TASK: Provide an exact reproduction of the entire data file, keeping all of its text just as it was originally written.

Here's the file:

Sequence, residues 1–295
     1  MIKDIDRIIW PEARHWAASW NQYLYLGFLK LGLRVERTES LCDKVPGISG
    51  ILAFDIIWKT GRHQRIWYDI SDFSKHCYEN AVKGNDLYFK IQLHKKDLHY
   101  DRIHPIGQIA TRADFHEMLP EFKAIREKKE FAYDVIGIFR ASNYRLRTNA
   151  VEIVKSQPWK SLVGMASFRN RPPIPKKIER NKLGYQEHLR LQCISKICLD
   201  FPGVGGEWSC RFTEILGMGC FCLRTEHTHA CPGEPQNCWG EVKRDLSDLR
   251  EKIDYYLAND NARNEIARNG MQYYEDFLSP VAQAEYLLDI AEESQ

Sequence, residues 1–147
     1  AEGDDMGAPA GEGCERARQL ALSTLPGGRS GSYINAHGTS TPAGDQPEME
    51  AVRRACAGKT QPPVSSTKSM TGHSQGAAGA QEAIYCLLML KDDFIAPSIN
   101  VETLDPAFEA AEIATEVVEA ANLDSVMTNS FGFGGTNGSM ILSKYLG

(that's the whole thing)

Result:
Sequence, residues 1–295
     1  MIKDIDRIIW PEARHWAASW NQYLYLGFLK LGLRVERTES LCDKVPGISG
    51  ILAFDIIWKT GRHQRIWYDI SDFSKHCYEN AVKGNDLYFK IQLHKKDLHY
   101  DRIHPIGQIA TRADFHEMLP EFKAIREKKE FAYDVIGIFR ASNYRLRTNA
   151  VEIVKSQPWK SLVGMASFRN RPPIPKKIER NKLGYQEHLR LQCISKICLD
   201  FPGVGGEWSC RFTEILGMGC FCLRTEHTHA CPGEPQNCWG EVKRDLSDLR
   251  EKIDYYLAND NARNEIARNG MQYYEDFLSP VAQAEYLLDI AEESQ

Sequence, residues 1–147
     1  AEGDDMGAPA GEGCERARQL ALSTLPGGRS GSYINAHGTS TPAGDQPEME
    51  AVRRACAGKT QPPVSSTKSM TGHSQGAAGA QEAIYCLLML KDDFIAPSIN
   101  VETLDPAFEA AEIATEVVEA ANLDSVMTNS FGFGGTNGSM ILSKYLG